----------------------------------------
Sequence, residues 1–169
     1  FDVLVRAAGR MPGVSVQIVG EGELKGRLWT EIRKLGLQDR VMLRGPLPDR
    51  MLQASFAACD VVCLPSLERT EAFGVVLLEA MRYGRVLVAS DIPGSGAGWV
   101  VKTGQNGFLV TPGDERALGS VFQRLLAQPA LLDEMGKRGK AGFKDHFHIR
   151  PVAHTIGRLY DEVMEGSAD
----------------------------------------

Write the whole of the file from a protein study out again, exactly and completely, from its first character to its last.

Sequence, residues 1–169
     1  FDVLVRAAGR MPGVSVQIVG EGELKGRLWT EIRKLGLQDR VMLRGPLPDR
    51  MLQASFAACD VVCLPSLERT EAFGVVLLEA MRYGRVLVAS DIPGSGAGWV
   101  VKTGQNGFLV TPGDERALGS VFQRLLAQPA LLDEMGKRGK AGFKDHFHIR
   151  PVAHTIGRLY DEVMEGSAD